Edison Electric Institute weighs in with Senate committee on natural gas supply issue

July 10, 2003 — The Edison Electric Institute (EEI) and its Alliance of Energy Suppliers submitted a statement to the Senate Committee on Energy and Natural Resources for its July 10 oversight hearing on natural gas.

The committee convened the full meeting to discuss the reasons behind the high price of natural gas, its effect on the economy and to consider potential solutions.

EEI is the trade association of the U.S. shareholder-owned electric utilities and affiliates and associates worldwide. The Alliance is a Division of EEI that focuses on the generation business and related wholesale issues in the supply of electricity.

EEI will address three main issues in this statement. First, generators use natural gas because it is a relatively clean, efficient, and cost-effective fuel, and gas-fired generators are easier and faster to build than other types.

Second, federal policies should facilitate increasing the supply of natural gas and must provide greater certainty for the use of other fuels. These include provisions related to transmission siting and Clear Skies legislation. Congress should also fully fund LIHEAP to assist low income consumers with their energy usage.

Third, there should not be arbitrary restrictions on the use of natural gas to provide electricity to consumers.

Throughout America, people are paying attention to the price of natural gas. Whether it is the homeowner who uses natural gas for heat, the fertilizer manufacturer who uses natural gas as a feedstock, or the electricity generator whose operating costs are substantially influenced by the cost of natural gas, all are paying careful attention to the current cash and forward prices of natural gas.

EEI appreciates the opportunity to submit written testimony and to address the concern that generators have with the current and foreseeable imbalance between natural gas demand and supply.

Short Term Recommendation: Improve Energy Efficiency

There are some useful short term actions the federal government can take to address end-use efficiency of natural gas. For example, through the Energy Star program, the government can promote the purchase of high-efficiency gas furnaces and boilers for those homeowners and businesses with old systems that need to be replaced. For homeowners with gas water heaters, the government can educate consumers about the new efficiency standards that will take effect in January, 2004, and help consumers find units that exceed those standards. For consumers and businesses with newer equipment, there should be promotion of tune-ups before the winter season or the lowering of thermostats where possible (e.g., down to 120 F or lower on gas water heaters and below 68 F for gas furnace/boiler systems).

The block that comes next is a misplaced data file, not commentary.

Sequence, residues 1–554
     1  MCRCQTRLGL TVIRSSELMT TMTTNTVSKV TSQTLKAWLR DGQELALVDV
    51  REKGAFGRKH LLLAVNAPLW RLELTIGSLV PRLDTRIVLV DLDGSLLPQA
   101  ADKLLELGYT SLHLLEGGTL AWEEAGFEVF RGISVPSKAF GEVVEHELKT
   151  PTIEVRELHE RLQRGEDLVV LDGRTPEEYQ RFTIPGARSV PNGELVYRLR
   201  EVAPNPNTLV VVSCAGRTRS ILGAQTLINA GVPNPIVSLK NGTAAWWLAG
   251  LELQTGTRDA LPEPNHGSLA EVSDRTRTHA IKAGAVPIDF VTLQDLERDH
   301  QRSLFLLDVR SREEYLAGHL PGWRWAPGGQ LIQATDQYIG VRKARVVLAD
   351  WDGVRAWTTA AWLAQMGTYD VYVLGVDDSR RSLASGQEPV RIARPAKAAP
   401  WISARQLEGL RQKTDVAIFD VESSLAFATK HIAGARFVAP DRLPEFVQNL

For homeowners with gas water heaters and older water using appliances, the Energy Star program can be used to promote Energy Star dishwashers and clothes washers, which significantly reduce the usage of hot water. In addition, the government could encourage people not to purchase cooking equipment with continuously burning standing pilot lights.

The government can also “lead by example” by making sure that gas-fired equipment at its facilities are well-maintained, that new equipment purchased exceeds Energy Star standards, and that all thermostats and setback controls function properly.

Long Term Recommendation: Increase Supply

While we believe there are limited opportunities regionally for reducing short term demand for gas in our sector – primarily by encouraging large industrial users to shift some of their use to off-peak times of consumption – there are longer term solutions for assuring adequate natural gas supplies in this country.

These include efforts to encourage the wise use of energy and careful policies to identify, tap and bring to market available known reserves and new sources – both here and abroad. It is the combination of increased supply and the efficient use of that resource that will result in lower natural gas prices. EEI recognizes that the current natural gas situation did not develop overnight, nor will it be resolved overnight. We recommend that the Nation embark on a program to augment natural gas supply through the following:

(1) prompt passage of enabling legislation to allow certification of pipeline capacity for Arctic natural gas. This will enable market signals to determine when and how Arctic gas will make it to markets in the lower-48;

(2) increased domestic production of natural gas where there are proven gas reserves, including, where appropriate, onshore and offshore federal lands that are currently off limits. We recognize that this step will be politically difficult, but as Federal Reserve Board Chairman Alan Greenspan pointed out in his testimony before the House Energy Committee on June 10, Congress must find the appropriate balance in energy and environmental policy that will assure to the American economy and the American people low-cost, competitive energy while protecting the environment;